Director: Steven Soderbergh
Starring: Gina Carano, Channing Tatum, Ewan McGregor, Antonio Banderas, Michael Douglas and Michael Fassbender
Gina Carano (An MMA fighter) makes her movie debut, playing Mallory Kane. Following two jobs in Barcelona and Dublin, Mallory is now on the run, keen to stay alive whilst also uncover the conspiracy behind her employer’s attempts to dispose of her. A set-up that is on the surface, depressingly familiar and invites the female Bourne tag. However what makes Haywire unfamiliar is its presentation. Like last year’s Hanna, Soderbergh takes an arthouse/independent approach and in doing so produces the film that Angelina Jolie’s Salt, should have been.
The USP of Haywire is the execution of its fight sequences. When two characters get into a fistfight, the only sounds we hear, are the sounds of them hitting each other. No music accompanies these scenes and with this stripped down perspective, Soderbergh has delivered some of the most affecting, Hollywood, action scenes of recent memory. It has been a long time sitting in the cinema, watching a Hollywood action movie, where I have heard people gasp at the action in front of them. Haywire makes you see, hear and feel the pain, in a way few action movies do.
The action sequences are also impeccably choreographed and shot, resulting in some of the most refreshing, affecting and exciting fight scenes in recent memory. This is not an action-packed movie and so when the hits come, they pack a punch. The film is perfectly paced from an editing standpoint and at ninety minutes, this film doesn’t outstay its welcome or lose your interest for a second. A lot should also be said for the editing of the fight sequences, while in many action films (Such as this year’s Safe House) it is hard to tell at times what is happening, in Haywire we are always aware of who is hitting who and where.
It is strange to be complimenting Haywire so greatly for elements that should be standard and expected, with the success of this style perhaps being more of a comment on the current expectation of the genre that surrounds it, rather than the achievements of the film itself. However I believe it is a mixture of both the former and the latter. In regards to the acting, it is always a gamble to make a sports star the lead of your film. However this role requires nothing more from Gina Carano than to play to her strengths. She commands the screen through her physicality and does not give a bad performance, partly down to the fact that she doesn’t really have to give one.
In typical Soderbergh fashion, we have a tremendous supporting cast in this film. Michael Fassbender has a brief, yet memorable role, while the likes of Michael Douglas, Antonio Banderas, Channing Tatum and Ewan Mcgregor round out the expository, yet entertaining, smaller roles. While you are aware that each of these supporting players could be put to better use, Soderbergh casts his films in such a way (Contagion, the Ocean’s trilogy) that there is not a bad performance, or weak link in the cast.
The screenplay by Lem Dobbs is one that is incredibly simple and slight. Under the hands of many other directors this film could have easily resulted in a very stale, predictable film. It is the style of Soderbergh which heightens the substance of this film. Through tremendous cinematography and getting such a fine supporting cast to spout the dialogue, a film that could have gone so wrong, is so right.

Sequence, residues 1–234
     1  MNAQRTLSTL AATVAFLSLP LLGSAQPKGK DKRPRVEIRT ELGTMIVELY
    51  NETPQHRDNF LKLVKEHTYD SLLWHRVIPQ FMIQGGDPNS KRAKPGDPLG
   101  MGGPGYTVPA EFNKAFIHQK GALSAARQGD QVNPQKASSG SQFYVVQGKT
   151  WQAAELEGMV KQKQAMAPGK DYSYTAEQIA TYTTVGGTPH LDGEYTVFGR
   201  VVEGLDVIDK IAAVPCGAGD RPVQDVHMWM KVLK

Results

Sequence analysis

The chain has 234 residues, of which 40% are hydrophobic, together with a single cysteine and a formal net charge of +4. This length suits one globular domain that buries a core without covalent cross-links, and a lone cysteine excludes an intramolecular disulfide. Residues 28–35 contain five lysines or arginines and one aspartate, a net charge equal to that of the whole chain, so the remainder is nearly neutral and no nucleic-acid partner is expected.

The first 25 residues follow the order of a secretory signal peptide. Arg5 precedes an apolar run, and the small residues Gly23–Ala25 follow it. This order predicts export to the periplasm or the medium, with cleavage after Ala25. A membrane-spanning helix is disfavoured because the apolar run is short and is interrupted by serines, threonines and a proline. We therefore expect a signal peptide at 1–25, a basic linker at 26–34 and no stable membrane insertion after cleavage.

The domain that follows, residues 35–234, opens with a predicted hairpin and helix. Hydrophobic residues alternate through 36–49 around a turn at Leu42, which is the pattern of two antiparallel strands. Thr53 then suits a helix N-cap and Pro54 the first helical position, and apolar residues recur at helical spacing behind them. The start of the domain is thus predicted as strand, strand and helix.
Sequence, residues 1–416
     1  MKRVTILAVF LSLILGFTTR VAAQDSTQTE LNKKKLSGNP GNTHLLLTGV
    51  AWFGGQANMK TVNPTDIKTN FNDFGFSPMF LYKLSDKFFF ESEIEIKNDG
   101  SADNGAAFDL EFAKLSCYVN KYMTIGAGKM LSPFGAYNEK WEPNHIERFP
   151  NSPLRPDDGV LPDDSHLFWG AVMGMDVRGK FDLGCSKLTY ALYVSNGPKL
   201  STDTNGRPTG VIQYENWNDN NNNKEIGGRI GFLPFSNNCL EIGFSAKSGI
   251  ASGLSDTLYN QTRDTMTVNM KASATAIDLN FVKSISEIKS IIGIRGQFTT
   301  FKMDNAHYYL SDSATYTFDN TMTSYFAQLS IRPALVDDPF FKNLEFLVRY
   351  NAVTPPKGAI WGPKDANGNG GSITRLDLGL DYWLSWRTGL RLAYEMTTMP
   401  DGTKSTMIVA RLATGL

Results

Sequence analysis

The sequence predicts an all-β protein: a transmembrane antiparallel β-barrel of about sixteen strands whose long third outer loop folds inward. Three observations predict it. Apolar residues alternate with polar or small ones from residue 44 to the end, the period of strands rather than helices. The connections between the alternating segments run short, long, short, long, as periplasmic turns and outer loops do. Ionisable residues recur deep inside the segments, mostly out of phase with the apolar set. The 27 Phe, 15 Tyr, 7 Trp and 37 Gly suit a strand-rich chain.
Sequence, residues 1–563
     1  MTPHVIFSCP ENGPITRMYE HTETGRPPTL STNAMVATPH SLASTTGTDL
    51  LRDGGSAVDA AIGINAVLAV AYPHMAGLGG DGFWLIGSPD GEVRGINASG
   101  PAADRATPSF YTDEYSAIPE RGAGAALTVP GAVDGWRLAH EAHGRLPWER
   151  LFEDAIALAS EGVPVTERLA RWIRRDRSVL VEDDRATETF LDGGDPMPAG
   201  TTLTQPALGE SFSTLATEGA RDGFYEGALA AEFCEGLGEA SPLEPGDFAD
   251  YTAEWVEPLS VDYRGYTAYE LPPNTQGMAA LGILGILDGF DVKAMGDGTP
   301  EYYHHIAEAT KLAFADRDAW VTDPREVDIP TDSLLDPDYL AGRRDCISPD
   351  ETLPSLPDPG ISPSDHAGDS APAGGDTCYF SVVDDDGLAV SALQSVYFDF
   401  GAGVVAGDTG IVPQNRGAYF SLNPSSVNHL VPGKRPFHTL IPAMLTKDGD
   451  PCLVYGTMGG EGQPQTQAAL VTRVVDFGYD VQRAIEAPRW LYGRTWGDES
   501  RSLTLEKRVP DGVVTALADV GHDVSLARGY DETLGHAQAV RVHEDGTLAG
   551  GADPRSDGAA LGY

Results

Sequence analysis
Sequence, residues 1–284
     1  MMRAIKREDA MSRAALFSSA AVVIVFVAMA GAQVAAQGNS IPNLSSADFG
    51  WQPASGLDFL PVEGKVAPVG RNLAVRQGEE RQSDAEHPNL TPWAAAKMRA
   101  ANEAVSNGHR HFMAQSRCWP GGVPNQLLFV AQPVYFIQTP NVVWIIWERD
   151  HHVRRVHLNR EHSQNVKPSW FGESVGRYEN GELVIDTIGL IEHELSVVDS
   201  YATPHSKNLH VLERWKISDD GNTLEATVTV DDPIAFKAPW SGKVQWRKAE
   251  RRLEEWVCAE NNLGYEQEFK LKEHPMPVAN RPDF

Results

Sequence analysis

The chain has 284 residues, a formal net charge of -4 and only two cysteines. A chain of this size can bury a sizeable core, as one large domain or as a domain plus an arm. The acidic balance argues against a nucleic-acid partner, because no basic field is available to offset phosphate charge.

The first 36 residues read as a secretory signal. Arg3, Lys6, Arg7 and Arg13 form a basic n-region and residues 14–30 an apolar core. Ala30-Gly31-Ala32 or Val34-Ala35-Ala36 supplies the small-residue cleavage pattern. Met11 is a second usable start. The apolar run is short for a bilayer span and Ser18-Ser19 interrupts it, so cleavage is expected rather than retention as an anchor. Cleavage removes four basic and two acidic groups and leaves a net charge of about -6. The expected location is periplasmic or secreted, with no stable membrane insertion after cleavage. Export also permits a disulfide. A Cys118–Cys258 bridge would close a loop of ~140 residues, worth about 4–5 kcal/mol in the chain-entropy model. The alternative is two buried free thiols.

It is not that the story is bad, however it is something that seems more reserved for an episode of Alias, than a feature length, big screen film. It is a tad more complex than one might expect however and does not rely on action sequences to bridge all its gaps and connect all its dots. The jazzy score is Ocean’s Eleven-esque and the presentation of the story is ultimately more memorable and original than the story itself.
What will stand out about this movie, for any student of film, is the cinematography. Soderbergh having directed, edited and shot this film, is undoubtedly the star of this movie. This is one of the most beautiful, inventively shot action films in recent years. While this approach could easily come off as pretentious experimenting, Soderbergh manages to keep the film visually fresh for its entire ninety minute run, never compromising its pace or enjoyment levels as a result.
I haven’t always been a fan of Soderbergh’s classy, yet slightly cold, stylish approach. However just how it perfectly fitted the heist movie in Ocean’s Eleven, it perfectly fits the action movie here. With his trademark use of title cards, Soderbergh’s style infuses the film with an energy and identity missing from most early year release, action films.
While it could have made better use of its supporting cast and done more with its story and characters, Haywire is once again Soderbergh proving that you can do mainstream style over substance and have it be a satisfying experience. The film kept me gripped, excited and interested for its entire running time and by the time the end credits begun, I had a smile on my face. Is this one of few, if any, films to have its first and last word spoken, be the same?
On the basis of a one sentence, summarization of its story, you would be right to be skeptical about Haywire. However Steven Soderbergh has made a film which will excite and delight those who like their action simple, yet stylish. An early contender, for best action film of the year. Unlike films such as John Carter, with its presentation and performance, Haywire makes you forget, albeit for a brief 90 minutes, that you have seen all this before.
By Movie Parliament Prime Minister,
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